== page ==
Saturday, May 14, 2011

Clouding Around

In my short avocational writing career, I began handwriting a page each day.  It was more or less five hundred words.  It all began on June 25, 2002.  I dutifully wrote page after page, in several notebooks.  Others would call it keeping a journal but I prefer to call it my daily writing.  In the beginning, I thought I was writing a novel 500 words a day.  That didn’t quite work out.  While the novel did not work out, the exercise of writing everyday was therapeutic, improved my analytic skills (or so I think), and definitely improved my writing.

In February 2004, I began writing and sending out a monthly letter, This Side of Fifty.  I have been doing that every month since.  I first hand wrote and then typed theses letters.  After another of two years, I began typing my monthly letters directly into my PC.  It was much easier.  

Two years ago, as I began writing for our business blog, I began to write more and more directly into my PC for those postings as well.  I was at about at 70% handwritten pages and 30% directly typed in.   Last year, I was a bit tired of my daily writing with no purpose.  Most of the postings were drivel.  I committed to improve the quality of my daily writing.  I had already begun posting my month;y writing on a blog.  It eventually dawned on me to begin posting more often on my personal blog.  

For my monthly letter, personal and work blog postings, I have been typing directly directly in Microsoft Word and saving the files on my hard disk.  I missed the handwriting and the pens, but it was much more efficient and effective.  The typing and handwriting flip-flopped and became 70% typing and 30% handwriting.    I worried about backing up my hard drive but what can I say?  I like a little risk.

With clients and teaching, I find myself using many different PCs.  I used one at my primary client, several others at the colleges I teach at, and my personal computer at home.  It was not easy to work on things at all these different venues.  I used thumb drives and I emailed the files to myself.  

Then I learned about Google Documents.  Google Documents is a virtual file storage and retrieve system.  Google saves my documents on their servers.  I can retrieve and edit these files from any PC anywhere that has internet access.  They call this operating in the cloud.  I guess it is because your files follow you around like a cloud over your head.  Google Docs even has a suite of software that is like Microsoft Office Lite.   So, it is not even necessary to have the suite of products that cost me hundreds of dollars to buy and then to upgrade.  The suite on Google Docs is free and they are constantly upgrading it and the upgrades are instantly available to everyone for free. I am typing this on Google Docs using their word processor.

This is all good as long as I have connection to the internet and as long as the good folks at Goolge maintain their servers and software so that my files are reliably available to me.

Sometimes Google Docs is slow.  I type and nothing happens for a second or two and then they letters appear like they are typing themselves.  Earlier this week, I saved a document but could not see it in the directly.  That was odd.  I was a bit miffed.  It showed up a few hours later.  As long as these issues are rare events, I can live with them.  If these kinds of issues become more prevelant.  I may have to consider a return to the non-cloud past.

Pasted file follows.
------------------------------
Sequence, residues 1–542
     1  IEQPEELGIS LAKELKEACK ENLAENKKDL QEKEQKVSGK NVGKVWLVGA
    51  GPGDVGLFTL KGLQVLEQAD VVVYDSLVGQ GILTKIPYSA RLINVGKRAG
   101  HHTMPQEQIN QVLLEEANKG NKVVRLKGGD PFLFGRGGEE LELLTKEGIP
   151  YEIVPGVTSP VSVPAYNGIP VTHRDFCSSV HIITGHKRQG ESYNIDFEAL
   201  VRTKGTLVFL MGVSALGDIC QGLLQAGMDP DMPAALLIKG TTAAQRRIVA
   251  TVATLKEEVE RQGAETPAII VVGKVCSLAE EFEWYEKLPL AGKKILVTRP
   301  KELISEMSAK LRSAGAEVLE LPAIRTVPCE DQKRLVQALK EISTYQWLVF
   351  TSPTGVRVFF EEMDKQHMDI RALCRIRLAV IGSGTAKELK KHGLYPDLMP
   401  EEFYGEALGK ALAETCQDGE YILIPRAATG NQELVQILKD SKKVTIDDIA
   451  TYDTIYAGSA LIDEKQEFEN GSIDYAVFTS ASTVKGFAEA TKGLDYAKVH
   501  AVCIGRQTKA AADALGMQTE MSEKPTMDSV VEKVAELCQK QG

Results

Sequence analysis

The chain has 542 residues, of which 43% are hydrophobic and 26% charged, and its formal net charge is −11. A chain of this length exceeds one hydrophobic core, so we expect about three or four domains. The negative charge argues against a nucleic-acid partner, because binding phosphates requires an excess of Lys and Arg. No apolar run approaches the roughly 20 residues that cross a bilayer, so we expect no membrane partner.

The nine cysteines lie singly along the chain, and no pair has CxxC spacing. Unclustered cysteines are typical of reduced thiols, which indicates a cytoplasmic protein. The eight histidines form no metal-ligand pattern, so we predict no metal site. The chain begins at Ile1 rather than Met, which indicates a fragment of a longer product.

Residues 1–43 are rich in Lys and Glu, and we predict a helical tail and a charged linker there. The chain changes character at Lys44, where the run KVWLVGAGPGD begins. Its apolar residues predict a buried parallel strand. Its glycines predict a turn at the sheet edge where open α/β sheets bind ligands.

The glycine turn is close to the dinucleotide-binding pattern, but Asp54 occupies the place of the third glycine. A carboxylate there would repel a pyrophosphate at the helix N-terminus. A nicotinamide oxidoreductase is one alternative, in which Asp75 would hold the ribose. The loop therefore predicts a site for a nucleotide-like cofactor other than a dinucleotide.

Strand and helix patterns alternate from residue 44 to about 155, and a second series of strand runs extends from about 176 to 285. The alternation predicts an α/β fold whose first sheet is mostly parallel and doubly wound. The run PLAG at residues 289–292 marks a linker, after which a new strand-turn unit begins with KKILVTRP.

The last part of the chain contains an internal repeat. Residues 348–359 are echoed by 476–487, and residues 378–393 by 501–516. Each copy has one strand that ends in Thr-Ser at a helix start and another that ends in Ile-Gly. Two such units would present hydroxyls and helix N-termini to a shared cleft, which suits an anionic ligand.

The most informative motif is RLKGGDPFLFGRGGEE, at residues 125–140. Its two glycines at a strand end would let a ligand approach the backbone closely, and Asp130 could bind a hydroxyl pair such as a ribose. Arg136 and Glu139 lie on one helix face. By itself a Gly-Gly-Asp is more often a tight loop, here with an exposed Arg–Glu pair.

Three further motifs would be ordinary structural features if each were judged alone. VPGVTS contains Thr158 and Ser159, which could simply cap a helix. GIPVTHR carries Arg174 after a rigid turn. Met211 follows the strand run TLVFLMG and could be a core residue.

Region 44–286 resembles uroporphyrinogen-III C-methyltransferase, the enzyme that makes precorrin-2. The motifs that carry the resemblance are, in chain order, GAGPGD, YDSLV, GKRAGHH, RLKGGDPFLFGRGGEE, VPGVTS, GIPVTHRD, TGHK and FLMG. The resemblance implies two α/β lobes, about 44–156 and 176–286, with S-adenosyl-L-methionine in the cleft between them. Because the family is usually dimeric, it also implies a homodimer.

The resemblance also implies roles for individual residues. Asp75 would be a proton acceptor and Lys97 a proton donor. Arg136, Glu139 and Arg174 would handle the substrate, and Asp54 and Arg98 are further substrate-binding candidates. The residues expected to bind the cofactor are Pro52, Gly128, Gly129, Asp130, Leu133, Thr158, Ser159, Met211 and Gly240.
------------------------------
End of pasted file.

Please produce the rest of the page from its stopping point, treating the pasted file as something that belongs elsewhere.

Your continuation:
I use Blogger for my three personal blogs.  It has been  relatively easy to use and is almost WYSIWYG (what you see is what you get) in the editing mode.  Actually, for my finished bloggable pieces, Blogger and Google Docs back-up each other for me.  That is cool.  

This week Blogger had the first issue I have ever experienced the website.  I could view my blogs but I could not post or edit for the better part of two days.  It made me feel susceptible to the systems maintenance of others.  I am getting both Blogger and Google Docs for free.  They are both Google products, I have a bulk of my recent writing on these systems and I realized that I am dependent on others to keep my files intact, safe, and available to me.

Earlier today Blogger posted the following on twitter:

We're making progress restoring comments, some blogs with a lot of content are taking a little more time. Thanks for bearing with us.

It is funny because I have admitted that when everything was only the hard drive of my laptop, I never backed it up.  If anything happened, I could lose all my files.  But, as long as I was the one NOT backing-up it seemed OK.  I was responsible for my own maintenance and if I didn’t do anything I was somehow more comfortable than if I were relying on that people that run and maintain Google Docs and Blogger.  That is crazy.

Another dichotomy is that our consulting company, Cadent Resources Inc., is built around a cloud based demand planning and inventory management software that our founder Ara Surenian has developed.  Reliable availability of the our DemandCaster software and back-up of their data is a critical requirement of ours and certainly our clients.  We sell a cloud based solution and yet that I feel is a sound reliable product, yet I am leery about losing a few blog files.  It is pretty funny.

While I am leery, I really do embrace the cloud.  I used Google Docs all the time.  it is just to convenient and easy.  I will used it with greater frequency.  I am sure it will lead to more and more blog postings.

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